Sunday, March 29

UCLA union employees stage sit in at chancellor’s office

Members of Teamsters Local 2010, the union representing skilled trades, administrative and clerical workers at UCLA, asked to speak with Chancellor Gene Block on Friday afternoon. (Erin Gong/Daily Bruin)

About 30 UCLA employees crowded into the waiting room of the chancellor’s office Friday afternoon asking to speak with him about their contract negotiations.

Members of Teamsters Local 2010, the union representing UCLA skilled trades workers and University of California clerical and administrative workers, used their lunch break to occupy Chancellor Gene Block’s office, asking him to authorize negotiations on terms for a contract with skilled trades workers.

UCLA and Teamsters started negotiations for a contract for skilled trades workers in August, and both parties agree on more than half the contract, according to a UCLA statement.

UCLA spokesperson Kathryn Kranhold said in a statement Teamsters and UCLA met Thursday and will meet again for bargaining negotiations Feb. 3.

“Presently, UCLA’s offer includes a 12.5 percent increase upon ratification, a 2.25 percent signing bonus, plus 3 percent wage increases each year from 2017 to 2020,” she added.

Teamsters has said the value of its workers’ wages has declined 24 percent over the past 20 years and 70 percent of its members are food insecure, according to an Occidental College study. They have also said skilled trades workers have not received a raise in four years. The university said this is because the union that used to represent skilled trades workers did not bargain in good faith and left the bargaining table before reaching a contract.

Kranhold said UCLA’s most recent wage proposals would have made UCLA skilled trades workers the highest paid employees in their category at four-year colleges and universities in Southern California.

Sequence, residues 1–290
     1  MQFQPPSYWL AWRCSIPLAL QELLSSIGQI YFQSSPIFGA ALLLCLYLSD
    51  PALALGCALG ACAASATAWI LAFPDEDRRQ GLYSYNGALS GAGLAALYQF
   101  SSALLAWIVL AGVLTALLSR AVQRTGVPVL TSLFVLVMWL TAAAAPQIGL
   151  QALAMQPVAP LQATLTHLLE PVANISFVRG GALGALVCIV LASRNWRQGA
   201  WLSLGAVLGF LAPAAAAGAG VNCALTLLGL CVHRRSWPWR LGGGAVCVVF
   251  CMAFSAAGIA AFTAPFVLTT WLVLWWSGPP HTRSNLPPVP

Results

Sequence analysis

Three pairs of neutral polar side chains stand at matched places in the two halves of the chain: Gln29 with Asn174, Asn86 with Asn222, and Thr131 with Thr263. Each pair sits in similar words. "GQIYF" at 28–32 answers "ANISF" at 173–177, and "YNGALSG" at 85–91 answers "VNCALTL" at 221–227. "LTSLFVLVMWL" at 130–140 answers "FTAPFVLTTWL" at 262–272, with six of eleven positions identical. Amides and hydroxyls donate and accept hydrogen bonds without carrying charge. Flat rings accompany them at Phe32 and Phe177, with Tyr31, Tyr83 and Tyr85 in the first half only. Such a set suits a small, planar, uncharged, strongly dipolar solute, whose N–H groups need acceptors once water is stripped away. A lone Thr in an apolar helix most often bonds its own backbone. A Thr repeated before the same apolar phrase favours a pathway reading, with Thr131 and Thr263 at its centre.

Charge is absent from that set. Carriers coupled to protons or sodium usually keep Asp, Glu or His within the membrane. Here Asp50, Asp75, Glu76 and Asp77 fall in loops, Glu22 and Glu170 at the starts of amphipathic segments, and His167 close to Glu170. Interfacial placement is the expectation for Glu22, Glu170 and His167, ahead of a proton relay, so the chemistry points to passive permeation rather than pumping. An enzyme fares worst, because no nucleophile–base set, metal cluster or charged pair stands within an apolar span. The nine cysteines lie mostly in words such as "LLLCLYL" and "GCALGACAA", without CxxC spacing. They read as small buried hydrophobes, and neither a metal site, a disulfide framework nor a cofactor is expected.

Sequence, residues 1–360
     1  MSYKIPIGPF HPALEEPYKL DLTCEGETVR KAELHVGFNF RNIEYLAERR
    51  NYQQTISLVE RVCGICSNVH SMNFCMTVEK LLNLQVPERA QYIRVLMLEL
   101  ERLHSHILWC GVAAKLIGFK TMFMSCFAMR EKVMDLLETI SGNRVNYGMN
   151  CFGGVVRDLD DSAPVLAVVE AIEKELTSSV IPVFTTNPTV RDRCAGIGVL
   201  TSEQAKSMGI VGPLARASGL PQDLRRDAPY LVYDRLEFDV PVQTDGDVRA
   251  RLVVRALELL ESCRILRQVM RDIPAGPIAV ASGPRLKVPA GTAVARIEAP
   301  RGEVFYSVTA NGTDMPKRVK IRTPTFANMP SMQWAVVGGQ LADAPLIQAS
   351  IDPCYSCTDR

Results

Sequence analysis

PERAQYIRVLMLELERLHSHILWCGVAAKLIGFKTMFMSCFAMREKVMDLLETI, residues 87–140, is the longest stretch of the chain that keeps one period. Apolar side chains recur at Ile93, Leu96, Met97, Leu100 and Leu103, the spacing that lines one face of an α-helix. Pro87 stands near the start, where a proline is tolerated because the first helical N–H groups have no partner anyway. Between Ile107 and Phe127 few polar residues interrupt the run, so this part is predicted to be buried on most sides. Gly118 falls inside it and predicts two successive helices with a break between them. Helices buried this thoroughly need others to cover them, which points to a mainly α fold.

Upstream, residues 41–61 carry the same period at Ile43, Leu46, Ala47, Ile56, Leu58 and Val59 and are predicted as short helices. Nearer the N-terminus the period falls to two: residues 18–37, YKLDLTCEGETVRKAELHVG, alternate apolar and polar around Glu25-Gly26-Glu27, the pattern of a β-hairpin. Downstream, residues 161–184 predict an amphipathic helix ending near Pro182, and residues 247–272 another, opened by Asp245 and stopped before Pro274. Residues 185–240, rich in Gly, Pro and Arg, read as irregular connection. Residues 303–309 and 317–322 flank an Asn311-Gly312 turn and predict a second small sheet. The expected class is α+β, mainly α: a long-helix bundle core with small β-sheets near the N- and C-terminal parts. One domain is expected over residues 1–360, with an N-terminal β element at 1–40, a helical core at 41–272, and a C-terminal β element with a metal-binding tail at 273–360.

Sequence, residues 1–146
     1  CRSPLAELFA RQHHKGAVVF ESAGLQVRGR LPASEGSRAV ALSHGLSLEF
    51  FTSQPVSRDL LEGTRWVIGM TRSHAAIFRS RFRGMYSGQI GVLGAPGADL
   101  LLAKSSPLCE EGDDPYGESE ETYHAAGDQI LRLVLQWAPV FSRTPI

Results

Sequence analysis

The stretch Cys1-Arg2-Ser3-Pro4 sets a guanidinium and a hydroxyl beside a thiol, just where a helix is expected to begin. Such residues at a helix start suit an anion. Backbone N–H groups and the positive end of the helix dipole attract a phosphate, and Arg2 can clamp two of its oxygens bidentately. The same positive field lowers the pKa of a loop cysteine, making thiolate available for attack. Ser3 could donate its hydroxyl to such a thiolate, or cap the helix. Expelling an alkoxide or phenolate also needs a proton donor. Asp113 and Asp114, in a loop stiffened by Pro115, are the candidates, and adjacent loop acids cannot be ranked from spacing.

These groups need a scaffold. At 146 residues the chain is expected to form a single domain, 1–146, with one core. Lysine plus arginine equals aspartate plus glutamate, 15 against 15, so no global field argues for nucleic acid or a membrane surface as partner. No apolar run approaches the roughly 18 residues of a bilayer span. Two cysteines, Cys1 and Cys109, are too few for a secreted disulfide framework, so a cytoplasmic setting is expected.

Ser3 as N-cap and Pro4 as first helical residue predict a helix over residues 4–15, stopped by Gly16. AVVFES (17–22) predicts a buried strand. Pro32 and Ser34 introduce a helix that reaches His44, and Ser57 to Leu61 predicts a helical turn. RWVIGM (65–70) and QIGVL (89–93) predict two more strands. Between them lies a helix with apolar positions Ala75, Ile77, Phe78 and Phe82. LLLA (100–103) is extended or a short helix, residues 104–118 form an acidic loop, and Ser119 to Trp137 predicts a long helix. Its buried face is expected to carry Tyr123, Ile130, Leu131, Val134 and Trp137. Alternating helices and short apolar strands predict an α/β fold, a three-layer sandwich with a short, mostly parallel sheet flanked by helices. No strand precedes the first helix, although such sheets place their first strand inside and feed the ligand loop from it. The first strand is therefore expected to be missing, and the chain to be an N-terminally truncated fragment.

Representatives from UCLA Labor Relations told the Teamsters in Block’s office they think contract negotiations should take place at the bargaining table.

Annette Vidal, a Teamsters member who works at Ronald Reagan UCLA Medical Center, said she participated in the sit-in because she wants Block to know about the difficulties she and other employees have paying bills and getting enough food.

“It’s been difficult for me to come up with the money for meals,” Vidal said. “One time I had to go to my mom and dad’s place for a meal because I’d just had a heart attack and was still paying bills for the ambulance and hospital.”

She added she knew others who receive food stamps or have to buy groceries with credit cards.

Teamsters held a five-day strike for skilled trades workers at UCLA in early January. It also held a one-day strike across the UC system Jan. 10 for administrative and clerical workers, who are also negotiating a new contract.

“UCLA looks forward to further negotiations and reaching agreement with Teamsters Local 2010 on a contract that provides the skilled trades employees with fair wage increases,” Kranhold said.

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